Montgomery and Selma Alabama
The Edmund Pettus Bridge crossing the Alabama River
A bust of the Country musician and his blue Cadillac at the Hank Williams Museum
Visiting historic sites along the U.S. Civil Rights Trail in Alabama
Nighttime view of the Court Square Fountain, built in 1885
Dexter Avenue King Memorial Baptist Church, where the Rev. Martin Luther King Jr. preached
Browsing works of art at The Montgomery Museum of Fine Arts
The Alabama State Capitol building, a National Historic Landmark
Taking a segway tour along the downtown Montgomery riverfront
A horse-drawn carriage parked outside The Alley Station entertainment complex
A live music performance at Sous La Terre, a hot spot for jazz and blues shows
Southern cities steeped in U.S. civil rights history
Begin with the Past
In 1965, hundreds of civil rights advocates marched 87 kilometers on Highway 80 from Selma to Montgomery to campaign for equal voting rights. Visit the National Voting Rights Museum and Institute in Selma, see the march’s starting point at the Brown Chapel A.M.E. Church & King Monument and follow the route the Rev. Martin Luther King Jr. led across the Edmund Pettus Bridge.
Continue the journey through history along Dexter Avenue in downtown Montgomery, called the most historic short street in the USA. Read informative plaques at Court Square Fountain, where slaves were sold during the 1800s and Rosa Parks refused to give up her bus seat a century later. The Rosa Parks Museum a few blocks away is dedicated to her life and the Montgomery Bus Boycott. Pass the building where the telegram that started the American Civil War was sent – you can read the telegram's text on a historical marker outside – and touch the pulpit where King preached from 1954 to 1960 at Dexter Avenue King Memorial Baptist Church.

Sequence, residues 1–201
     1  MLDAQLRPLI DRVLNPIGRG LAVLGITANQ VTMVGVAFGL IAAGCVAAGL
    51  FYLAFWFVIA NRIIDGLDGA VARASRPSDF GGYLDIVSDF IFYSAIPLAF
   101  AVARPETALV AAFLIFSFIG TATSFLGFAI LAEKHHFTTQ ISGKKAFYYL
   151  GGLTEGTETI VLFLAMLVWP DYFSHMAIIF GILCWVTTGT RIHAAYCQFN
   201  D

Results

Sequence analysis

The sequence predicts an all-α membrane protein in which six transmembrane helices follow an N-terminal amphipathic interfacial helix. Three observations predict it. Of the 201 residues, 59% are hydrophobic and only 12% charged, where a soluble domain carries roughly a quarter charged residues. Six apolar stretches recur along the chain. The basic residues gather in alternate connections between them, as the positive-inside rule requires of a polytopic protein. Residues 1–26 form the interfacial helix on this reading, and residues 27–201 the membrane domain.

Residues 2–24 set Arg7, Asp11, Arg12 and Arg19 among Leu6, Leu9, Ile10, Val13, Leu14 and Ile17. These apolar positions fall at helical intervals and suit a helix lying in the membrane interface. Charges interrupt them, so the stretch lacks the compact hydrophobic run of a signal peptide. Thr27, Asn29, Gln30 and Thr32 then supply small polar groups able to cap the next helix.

Jefferson Davis was sworn in as the first, and only, president of the Confederate States of America in 1861 at the Alabama Capitol building, which also acted as one of the capitols of the Confederacy and the terminus of the Selma-to-Montgomery March. Be sure to visit the First White House of the Confederacy a short walk away.
Out on the Town
If you make downtown Montgomery your base, you’ll be able to walk to museums, restaurants, shops and entertainment. Music fans can pay respects to a Country icon at the Hank Williams Museum and see a comprehensive collection of memorabilia, including the blue Cadillac the 29-year-old was riding in when he passed away in 1953.
At Riverfront Park, attend a concert or special event, see a baseball game at Riverwalk Stadium and enjoy stand-up paddleboarding or a scenic dinner cruise on the Alabama River. Afterward, linger over a drink at the Aviator Bar, packed with aviation relics including a replica of the Wright Flyer hanging from the ceiling. Dinner at Capitol Oyster Bar, a local favorite for its Southern comfort food, river views and Sunday Blues music shows, will not disappoint. After other bars close on Friday and Saturday nights, head to the Sous La Terre underground club for Jazz and Blues music. Culture-seekers should plan to visit to Blount Cultural Park, home to the Montgomery Museum of Fine Arts and the Alabama Shakespeare Festival. Also, check out the F. Scott and Zelda Fitzgerald Museum, honoring the famous literary couple who met in Montgomery in 1918.
The Confederacy’s first White House in Montgomery was used for only three months during the American Civil War – February to May 1861. Today, visit it for free.
Photo: Art Meripol
Zelda Fitzgerald, wife of American author F. Scott Fitzgerald, was a Montgomery native and met her future husband here in 1918.
Photo: Art Meripol
Montgomery was home to the first U.S. flight school, established by Orville and Wilbur Wright in 1910. It’s now Maxwell Air Force Base.
Photo: Chris Granger